“Reputation, reputation, reputation. Oh, I have lost my reputation! I have lost the immortal part of myself and what remains is bestial. My reputation, Iago, my reputation!” (Cassio) Othello Act II, Scene 3
According to WebpageFX, a digital marketing and SEO company headquartered in Harrisburg, PA, about 25% of a company’s market value is directly based on its reputation. Along with word-of-mouth reviews, which are indisputably powerful but nevertheless comparatively limited, a company’s reputation is significantly impacted through online sources. Management of your organization’s online reputation, which is part of your brand, is a must-do.
The online reputation starts with the look and content of the company website and also encompasses reviewing sites such as Yelp, Angie’s List and Trip Advisor and the array of social media platforms from Snapchat to Facebook. If you throw in content marketing campaigns that are distributed through email marketing, I wonder if the 25% impact figure is generous enough?
WebpageFX also reports that organization leaders now take online reputation management very seriously and 15% of organizations have followed through on an online reputation management strategy and 87% agree that managing online reputation risks is even more important than managing strategic risks. Think about it—strategic risks are potentially costly, but when paid and unpaid haters flood the comments section of an influential site, the hapless company that perhaps has done no real harm can be shoved into the abyss.
Online attackers spew a shocking amount of vitriol and their diatribes seem to have a million-year half-life. Blackmail can be involved as well. I’ve personally witnessed the strong-arming of the General Manager of a lovely B & B by –are you ready for this?– a retired police officer who faked a problem in his guest room, refused to be placated by what most would accept as fair settlement for the “inconvenience” and threatened to ruin the business with bad Trip Advisor and Yelp reviews if his request for a free two- night stay (worth $450) was not granted. Rumor has it that he’s played the game to the detriment of several small guest houses across the country. A shoot-out at the OK Corral might be easier to win.
WebpageFX data showed that 91% of consumers search businesses online. When I’ve gone to meet new clients, in particular someone who has been referred to me and whom I’ve not met, they frequently mention that they’ve read this blog and viewed my website. 80% of consumers (presumably B2B and B2C) changed their mind about doing business with a company and 67% will not buy from a company that has received from one to three negative reviews.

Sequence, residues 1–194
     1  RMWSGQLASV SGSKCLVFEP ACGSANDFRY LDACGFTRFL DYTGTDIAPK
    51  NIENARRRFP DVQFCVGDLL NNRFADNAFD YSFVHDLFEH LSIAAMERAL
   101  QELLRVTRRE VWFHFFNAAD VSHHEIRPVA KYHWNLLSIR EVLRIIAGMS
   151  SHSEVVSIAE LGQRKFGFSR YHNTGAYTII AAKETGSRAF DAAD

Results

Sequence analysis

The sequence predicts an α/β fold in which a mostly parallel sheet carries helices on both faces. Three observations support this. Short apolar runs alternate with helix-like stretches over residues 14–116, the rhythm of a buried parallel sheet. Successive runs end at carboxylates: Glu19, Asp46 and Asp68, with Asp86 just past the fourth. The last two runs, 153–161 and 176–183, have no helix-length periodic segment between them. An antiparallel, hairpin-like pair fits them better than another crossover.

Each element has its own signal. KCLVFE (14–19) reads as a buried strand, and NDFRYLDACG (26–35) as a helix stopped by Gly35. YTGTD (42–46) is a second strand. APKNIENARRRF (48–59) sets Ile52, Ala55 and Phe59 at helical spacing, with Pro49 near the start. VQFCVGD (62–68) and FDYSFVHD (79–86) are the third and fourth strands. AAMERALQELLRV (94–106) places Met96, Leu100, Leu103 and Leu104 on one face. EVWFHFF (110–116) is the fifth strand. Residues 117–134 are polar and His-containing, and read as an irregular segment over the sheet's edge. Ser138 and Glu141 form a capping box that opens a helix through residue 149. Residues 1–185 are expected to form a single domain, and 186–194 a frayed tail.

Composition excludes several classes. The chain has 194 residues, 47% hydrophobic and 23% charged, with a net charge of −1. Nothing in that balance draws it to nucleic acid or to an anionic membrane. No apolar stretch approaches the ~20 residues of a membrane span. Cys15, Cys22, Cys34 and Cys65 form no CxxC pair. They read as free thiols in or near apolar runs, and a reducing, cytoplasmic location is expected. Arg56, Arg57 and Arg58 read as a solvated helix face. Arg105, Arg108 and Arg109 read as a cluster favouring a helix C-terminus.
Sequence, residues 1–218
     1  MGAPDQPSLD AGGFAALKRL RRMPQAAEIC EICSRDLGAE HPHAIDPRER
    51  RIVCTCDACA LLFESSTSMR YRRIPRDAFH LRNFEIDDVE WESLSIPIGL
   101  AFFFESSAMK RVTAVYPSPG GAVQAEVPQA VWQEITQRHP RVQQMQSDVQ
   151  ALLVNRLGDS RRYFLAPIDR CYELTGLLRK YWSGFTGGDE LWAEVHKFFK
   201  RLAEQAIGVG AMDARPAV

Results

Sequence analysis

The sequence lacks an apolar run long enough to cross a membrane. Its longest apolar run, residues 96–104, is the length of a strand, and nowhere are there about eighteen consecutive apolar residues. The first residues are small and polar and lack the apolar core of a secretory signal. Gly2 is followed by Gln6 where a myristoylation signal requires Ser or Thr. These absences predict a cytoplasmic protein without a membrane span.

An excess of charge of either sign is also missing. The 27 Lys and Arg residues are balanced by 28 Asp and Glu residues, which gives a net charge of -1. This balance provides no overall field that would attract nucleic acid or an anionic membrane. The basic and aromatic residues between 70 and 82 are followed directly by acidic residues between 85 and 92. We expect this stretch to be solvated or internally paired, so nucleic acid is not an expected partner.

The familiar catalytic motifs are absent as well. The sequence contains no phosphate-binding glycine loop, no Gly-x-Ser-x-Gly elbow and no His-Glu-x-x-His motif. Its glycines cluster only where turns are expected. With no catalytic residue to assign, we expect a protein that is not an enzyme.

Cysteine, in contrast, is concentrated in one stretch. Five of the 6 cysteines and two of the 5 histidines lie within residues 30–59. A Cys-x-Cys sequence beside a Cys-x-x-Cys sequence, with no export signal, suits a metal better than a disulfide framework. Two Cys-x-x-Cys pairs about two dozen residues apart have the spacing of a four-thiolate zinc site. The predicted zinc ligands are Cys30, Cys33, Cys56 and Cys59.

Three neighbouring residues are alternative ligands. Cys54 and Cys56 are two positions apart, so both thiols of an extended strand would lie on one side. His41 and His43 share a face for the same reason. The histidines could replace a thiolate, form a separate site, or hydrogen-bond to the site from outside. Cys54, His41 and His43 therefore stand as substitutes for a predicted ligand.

Regarding social media sites, participation on the various social media platforms is a given for most Freelance consultants, business owners and corporate and not-for-profit leaders. The extent of your B2B client’s social media engagement as regards their external labor force along with your time and inclination, will determine which social media platforms that you’ll use. Maybe you’ll use one or two platforms, plus publish long-form content sent out as an ongoing email marketing campaign.
Just because you don’t use every available social media platform doesn’t mean that you should ignore those that you don’t use. To the contrary, claim all business listings and social media platform addresses, so that a competitor or imposter cannot assume your identity. Start with your website. Your business name should belong to you alone. Protect your business and buy when possible your business domain name in the .biz and .net formats. if there is a name that is similar to your company name and it becomes available, buy it and save yourself the potential for headaches down the road. Ensure that an imposter cannot claim your name and make sport of you, bear false witness, or commit other devious acts.
On your preferred social media platforms, maintain a reasonably active and consistent presence as you bring value to your readers. Post content that will benefit your organization’s reputation and sales revenues. WordPress allows posting to LinkedIn and my 100 or so connections expect to hear from me every Tuesday.
Finally, if you should receive any negative feedback online, respond quickly and diplomatically. Demonstrate that you regret the mishap and you intend to make amends. As you publicly clean up the mess, you may win a few customers who like the fact that you’re human and you care.
Thanks for reading,
Tall Ships Parade in Boston Harbor June 16, 2017